In praise of the airport tourist trap(Read article summary)
The shops in airports that sell local trinkets may seem tacky, but we should embrace them.
Business Wire / File
I’m in Florida for an event sponsored by the Mises Institute, and flying into Fort Myers meant walking through the glorious micro-civilization that airports have become, little utopias of commerce and plenty. In the airport, you can stand in one spot and choose to walk twenty feet in any direction and find yourself in a Spanish or Thai restaurant, or grab a book from a literary looking place, or have a Starbucks, or eat a decadent cinnamon roll, or pretend to be on Savile Row at a high end men’s store, or perhaps get a massage or toss down a martini or two, trying on the high life for as long as it lasts.
You say it is all sheer fantasy, that this is, after all, just a stupid airport. I say: what does it matter? They have the stuff and we want the stuff. What’s not to like? Should we prefer some barren building like the Driver’s License Bureau? You know that if government were wholly in charge, this is the way it would look. Thank goodness for free enterprise and what it is permitted to do to make life more interesting. All these commercial establishments are wholly dedicated to slavishly serving you and me and every other traveler, giving us what we want in the most convenient way possible. This stands in contrast to, for example, the TSA.
Ah but what about the “tourist trap?” These are stores that specialize in heavily marketing what passes for local culture and fobbing off chotskies on us at inflated prices. So, here is how it works. You fly into Dallas and you are confronted with a hat store that sells 10-gallon hats and tacky belt buckles, plus rattle snake tails, and every variety of prickly pear jelly you can imagine. What an outrage that a store would dare to make money on people’s crazy lust for things related to Texas!
But, you know what? It turns out that in Texas, people really do wear hats like that. They really do. And those rattle snakes are real. They are crawling around right now in surprising places, and such things are not altogether common in others places like Maine and Singapore. So, yes, these are distinctively Texan. And so it is with all the rest of this seeming junk. This is the very essence of Texas culture, boiled down into consumable bites. And it turns out that people actually do want these things.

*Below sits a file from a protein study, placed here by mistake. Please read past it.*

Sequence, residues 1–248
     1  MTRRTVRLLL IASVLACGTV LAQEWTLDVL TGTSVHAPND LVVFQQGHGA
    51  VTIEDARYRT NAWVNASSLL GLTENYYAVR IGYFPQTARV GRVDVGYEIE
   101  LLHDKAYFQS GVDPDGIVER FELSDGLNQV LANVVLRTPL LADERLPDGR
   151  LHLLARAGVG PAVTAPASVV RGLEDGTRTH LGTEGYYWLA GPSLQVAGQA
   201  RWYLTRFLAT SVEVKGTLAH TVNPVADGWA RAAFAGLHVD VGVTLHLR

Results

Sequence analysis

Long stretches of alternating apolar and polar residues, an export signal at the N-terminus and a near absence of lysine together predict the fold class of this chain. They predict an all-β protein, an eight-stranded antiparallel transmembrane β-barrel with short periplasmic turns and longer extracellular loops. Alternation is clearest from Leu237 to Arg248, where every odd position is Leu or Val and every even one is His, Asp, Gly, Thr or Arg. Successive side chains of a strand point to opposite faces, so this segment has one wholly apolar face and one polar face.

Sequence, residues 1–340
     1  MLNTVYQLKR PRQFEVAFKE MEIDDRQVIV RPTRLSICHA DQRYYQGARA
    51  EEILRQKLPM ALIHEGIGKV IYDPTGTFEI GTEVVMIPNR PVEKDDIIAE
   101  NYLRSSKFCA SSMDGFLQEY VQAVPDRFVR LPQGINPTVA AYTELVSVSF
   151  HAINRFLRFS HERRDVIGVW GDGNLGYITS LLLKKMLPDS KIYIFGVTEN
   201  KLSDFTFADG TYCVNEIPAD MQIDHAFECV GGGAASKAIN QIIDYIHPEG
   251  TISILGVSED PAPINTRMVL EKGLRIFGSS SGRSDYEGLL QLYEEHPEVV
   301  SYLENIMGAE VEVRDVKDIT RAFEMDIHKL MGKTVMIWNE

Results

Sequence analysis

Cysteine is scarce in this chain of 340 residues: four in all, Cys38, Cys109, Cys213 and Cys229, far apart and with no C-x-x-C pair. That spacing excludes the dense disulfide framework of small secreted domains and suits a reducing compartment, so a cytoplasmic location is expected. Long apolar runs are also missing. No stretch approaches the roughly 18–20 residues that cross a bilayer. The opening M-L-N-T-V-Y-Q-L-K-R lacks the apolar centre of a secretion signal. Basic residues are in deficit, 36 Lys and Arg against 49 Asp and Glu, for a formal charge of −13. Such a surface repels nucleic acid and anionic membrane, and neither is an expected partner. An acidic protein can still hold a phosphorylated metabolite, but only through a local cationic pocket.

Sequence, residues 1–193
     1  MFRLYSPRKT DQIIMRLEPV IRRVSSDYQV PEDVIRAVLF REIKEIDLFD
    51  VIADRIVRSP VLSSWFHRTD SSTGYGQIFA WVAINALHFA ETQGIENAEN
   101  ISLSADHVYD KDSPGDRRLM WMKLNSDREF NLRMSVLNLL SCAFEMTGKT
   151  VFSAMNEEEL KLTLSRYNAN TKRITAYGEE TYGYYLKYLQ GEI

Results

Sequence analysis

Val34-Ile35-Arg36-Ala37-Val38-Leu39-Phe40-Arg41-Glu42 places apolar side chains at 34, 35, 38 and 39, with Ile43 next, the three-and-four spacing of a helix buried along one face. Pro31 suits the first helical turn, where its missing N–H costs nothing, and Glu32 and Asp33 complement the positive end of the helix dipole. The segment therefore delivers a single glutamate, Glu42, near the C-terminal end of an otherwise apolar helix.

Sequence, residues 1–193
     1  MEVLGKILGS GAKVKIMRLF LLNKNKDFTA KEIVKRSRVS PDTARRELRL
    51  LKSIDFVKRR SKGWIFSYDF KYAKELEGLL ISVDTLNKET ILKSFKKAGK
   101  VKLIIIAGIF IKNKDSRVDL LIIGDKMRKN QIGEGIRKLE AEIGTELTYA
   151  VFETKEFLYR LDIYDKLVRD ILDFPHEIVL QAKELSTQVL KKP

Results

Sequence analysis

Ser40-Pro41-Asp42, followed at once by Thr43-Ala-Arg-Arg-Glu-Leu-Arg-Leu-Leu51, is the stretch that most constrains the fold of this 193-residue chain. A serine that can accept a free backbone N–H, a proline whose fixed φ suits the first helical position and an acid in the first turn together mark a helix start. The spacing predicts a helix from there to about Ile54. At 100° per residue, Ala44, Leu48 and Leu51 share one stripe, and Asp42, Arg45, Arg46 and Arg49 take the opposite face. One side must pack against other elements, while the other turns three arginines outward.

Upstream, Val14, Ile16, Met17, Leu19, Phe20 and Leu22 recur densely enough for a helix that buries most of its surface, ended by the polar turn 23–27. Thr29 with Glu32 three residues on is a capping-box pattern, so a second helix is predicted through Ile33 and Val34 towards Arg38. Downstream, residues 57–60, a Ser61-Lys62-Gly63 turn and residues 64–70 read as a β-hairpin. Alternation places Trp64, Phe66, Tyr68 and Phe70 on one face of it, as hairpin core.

How often does it happen that you fly into some odd place, declined to buy the local chotsky, and then kick yourself later? Maybe when you get home to Chicago, you might wish that you had brought back some prickly pear jelly and a rattle snake tail to show your friends? It turns out that these shops really do meet a need. They allow us to experience local culture and take home a memento without having to do much work at all.
The first shop I found when flying into Fort Myers offered these fantastic shells, 5 for $10. I picked up a big starfish, a sand dollar, some fancy looking crab condominium, a long pointy thing from the bottom of the sea, and I threw in one more shell for good measure. Now, you say, this was a really stupid purchase, for I could have easily walked out on the beach and picked up buckets of shells for free.
That might be true enough, but I’m not out walking on the beach. I’m in my hotel room blogging, and blogging all the more joyfully knowing that I have a suitcase full of really cool looking seashells.
But I haven’t mention the greatest find of all. And tell me whether you have ever seen anything like this before: it is the head of an alligator! It is not a big thing. It is a small alligator but it is real, with teeth and all. It was $14.99. I consider this to be a bargain. I’ve never seen one before, and I hope that I will never encounter the live version. Someone else went to the trouble of raising these nasty things, hacking off their heads, freeze drying them or whatever they do, painting them with some shiny stuff, packaging them up, and then finally slogging them to the airport to sell to a “tourist trap” store, which then in turn sells it to me.
And I now have a treasure from Florida to take home — without having to visit a single swamp or risk life and limb. You say that I’m a victim of a scam, a naive tourist who coughed up money for a worthless thing? That I’ve been taken advantage of by a voracious merchant who preys on unknowing non-Floridians? None of this seems true to me. It seems to me that this “tourist trap” gave me exactly what I wanted and I’m deeply grateful.
The more traveling I’ve done, the more I’m alert to the need not to be suspicious of these local merchants. When in Rome, buy rosaries blessed by the Pope. When in Mecca, buy some tickets to paradise. When in New York, buy a Big Apple tee. When in Paris, snag that tiny model of the Eiffel Tower. In Russia, get some of the dolls that stack inside of each other. In Pittsburgh, revel in beer and steel.
These chotskies are made for us. We should be happy to be trapped by the prospect of owning them all. If this is oppression by shysters, the world could use ever more of it.
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